Sunday, April 13, 2014

Ways of looking at a tulip

 I remember some years ago visiting a huge tulip garden in San Francisco's Golden Gate Park.  It was by a windmill and if only Don Quixote were there, the simulation of Holland would have worked completely.  But, there were so many tulips, it was impossible for me to look at just one.
In Quincy, it's another story.  The first tulips I noticed this spring bloomed in a sunny spot in front of a downtown cafe.  There were perhaps a dozen blooming about a month ago.  I live only a few blocks away from said cafe, but I am on the shady, north-facing slope of Claremont Mountain.  This morning, I celebrated my first bloom of tulips for the year.  Two, in fact.  I could have stared at them for a long time and sketched and photographed from many angles, and maybe waited awhile to pay another visit when the sun angle changed.  But, I was too busy.  I did capture these few images while I marveled at the details of tulip anatomy as well as their amazing hardiness.  No bugs bother them, and they come up every spring despite my extreme neglect as a gardener.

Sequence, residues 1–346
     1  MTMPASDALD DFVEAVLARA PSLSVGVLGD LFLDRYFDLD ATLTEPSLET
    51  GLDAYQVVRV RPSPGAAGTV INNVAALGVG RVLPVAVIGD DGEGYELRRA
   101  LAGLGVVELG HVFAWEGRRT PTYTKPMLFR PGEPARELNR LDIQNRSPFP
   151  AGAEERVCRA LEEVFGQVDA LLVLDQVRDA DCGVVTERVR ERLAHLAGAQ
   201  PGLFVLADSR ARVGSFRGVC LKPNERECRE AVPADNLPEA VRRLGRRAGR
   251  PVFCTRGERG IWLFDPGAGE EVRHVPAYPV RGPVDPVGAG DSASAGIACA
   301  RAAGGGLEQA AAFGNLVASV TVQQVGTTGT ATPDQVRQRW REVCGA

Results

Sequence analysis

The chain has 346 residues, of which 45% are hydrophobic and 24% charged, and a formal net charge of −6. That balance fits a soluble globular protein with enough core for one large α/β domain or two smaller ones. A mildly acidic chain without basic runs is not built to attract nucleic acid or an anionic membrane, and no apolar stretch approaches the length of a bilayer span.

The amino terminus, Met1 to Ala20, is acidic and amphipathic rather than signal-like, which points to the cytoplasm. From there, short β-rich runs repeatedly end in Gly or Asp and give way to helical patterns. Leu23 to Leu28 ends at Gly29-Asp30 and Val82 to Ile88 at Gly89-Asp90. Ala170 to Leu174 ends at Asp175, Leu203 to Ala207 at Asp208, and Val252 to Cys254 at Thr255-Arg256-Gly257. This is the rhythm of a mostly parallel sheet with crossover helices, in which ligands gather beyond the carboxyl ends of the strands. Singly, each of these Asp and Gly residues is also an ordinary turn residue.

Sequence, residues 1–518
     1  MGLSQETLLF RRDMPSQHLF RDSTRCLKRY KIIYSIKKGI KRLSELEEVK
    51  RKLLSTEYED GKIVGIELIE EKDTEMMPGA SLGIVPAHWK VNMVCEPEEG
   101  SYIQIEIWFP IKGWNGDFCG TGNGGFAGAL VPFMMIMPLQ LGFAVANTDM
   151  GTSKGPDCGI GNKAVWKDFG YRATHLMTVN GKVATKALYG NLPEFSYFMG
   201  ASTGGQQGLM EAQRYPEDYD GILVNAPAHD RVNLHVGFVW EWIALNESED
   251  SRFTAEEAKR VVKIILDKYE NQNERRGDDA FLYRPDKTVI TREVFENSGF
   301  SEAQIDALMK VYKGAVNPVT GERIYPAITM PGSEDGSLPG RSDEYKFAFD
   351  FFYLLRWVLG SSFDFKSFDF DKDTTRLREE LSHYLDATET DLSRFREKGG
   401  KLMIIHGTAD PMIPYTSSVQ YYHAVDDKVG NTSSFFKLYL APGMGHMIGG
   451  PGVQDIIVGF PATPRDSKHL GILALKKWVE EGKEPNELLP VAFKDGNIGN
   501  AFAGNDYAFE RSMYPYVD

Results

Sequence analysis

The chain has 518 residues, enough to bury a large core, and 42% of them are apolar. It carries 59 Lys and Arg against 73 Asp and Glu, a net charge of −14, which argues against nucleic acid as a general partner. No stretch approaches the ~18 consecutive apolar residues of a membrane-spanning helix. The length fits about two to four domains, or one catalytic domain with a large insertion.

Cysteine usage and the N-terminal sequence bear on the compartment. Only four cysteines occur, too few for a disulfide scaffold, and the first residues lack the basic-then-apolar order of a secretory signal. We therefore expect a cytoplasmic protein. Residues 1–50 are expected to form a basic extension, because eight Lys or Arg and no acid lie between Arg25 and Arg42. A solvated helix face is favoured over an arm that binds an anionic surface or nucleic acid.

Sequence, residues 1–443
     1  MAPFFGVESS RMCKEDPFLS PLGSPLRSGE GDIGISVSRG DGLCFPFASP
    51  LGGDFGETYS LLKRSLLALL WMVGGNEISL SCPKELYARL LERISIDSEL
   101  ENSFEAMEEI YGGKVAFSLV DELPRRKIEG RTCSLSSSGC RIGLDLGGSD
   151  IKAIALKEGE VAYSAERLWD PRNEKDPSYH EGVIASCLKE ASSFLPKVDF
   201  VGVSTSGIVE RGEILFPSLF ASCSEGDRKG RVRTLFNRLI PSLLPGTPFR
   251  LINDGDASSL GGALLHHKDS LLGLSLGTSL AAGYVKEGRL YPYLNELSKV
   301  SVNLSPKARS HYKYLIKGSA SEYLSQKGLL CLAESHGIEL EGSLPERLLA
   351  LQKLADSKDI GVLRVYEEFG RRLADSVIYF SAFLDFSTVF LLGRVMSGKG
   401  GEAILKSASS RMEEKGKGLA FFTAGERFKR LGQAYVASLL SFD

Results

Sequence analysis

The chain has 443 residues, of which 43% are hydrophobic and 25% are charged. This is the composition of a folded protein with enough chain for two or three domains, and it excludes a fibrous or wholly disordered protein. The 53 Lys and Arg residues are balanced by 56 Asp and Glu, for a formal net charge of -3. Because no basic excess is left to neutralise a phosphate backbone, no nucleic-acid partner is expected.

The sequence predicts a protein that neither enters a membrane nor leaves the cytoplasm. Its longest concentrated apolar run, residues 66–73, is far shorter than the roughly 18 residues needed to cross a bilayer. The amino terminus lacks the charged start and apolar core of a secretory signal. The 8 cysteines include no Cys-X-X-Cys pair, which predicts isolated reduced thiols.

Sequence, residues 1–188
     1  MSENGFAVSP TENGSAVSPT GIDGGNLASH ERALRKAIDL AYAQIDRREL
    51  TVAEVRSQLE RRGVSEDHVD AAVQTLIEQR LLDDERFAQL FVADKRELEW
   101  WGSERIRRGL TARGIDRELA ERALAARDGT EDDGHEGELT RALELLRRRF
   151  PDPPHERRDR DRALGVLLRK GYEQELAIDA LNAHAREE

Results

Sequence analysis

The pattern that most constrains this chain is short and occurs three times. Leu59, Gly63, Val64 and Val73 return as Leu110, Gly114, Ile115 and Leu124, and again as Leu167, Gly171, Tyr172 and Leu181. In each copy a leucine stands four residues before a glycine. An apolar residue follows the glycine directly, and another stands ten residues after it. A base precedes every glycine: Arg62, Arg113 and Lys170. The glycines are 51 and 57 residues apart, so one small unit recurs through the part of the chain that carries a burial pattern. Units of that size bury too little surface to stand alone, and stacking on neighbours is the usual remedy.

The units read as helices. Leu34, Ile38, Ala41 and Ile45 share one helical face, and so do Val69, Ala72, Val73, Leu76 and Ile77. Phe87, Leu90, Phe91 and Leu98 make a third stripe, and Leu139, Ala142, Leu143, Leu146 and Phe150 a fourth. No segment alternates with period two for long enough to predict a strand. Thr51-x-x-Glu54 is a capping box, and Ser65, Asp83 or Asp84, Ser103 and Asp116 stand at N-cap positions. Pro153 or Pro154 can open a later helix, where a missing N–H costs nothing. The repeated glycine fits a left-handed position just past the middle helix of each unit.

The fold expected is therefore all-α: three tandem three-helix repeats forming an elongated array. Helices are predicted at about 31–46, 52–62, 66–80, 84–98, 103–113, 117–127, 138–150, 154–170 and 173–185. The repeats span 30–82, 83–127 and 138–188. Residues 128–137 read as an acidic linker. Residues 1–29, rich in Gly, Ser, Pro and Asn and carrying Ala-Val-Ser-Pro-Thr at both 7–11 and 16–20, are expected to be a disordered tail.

Triangles and hexagons.  Tulips are great props for geometry class.
 These amazing colors must be attracting something besides humans, but I've yet to see any pollinators visit my tulips.

I have a few other varieties getting ready to bloom.  Solid yellows and solid reds, if I remember correctly. And they remain interesting after the petals drop and the ovaries develop.

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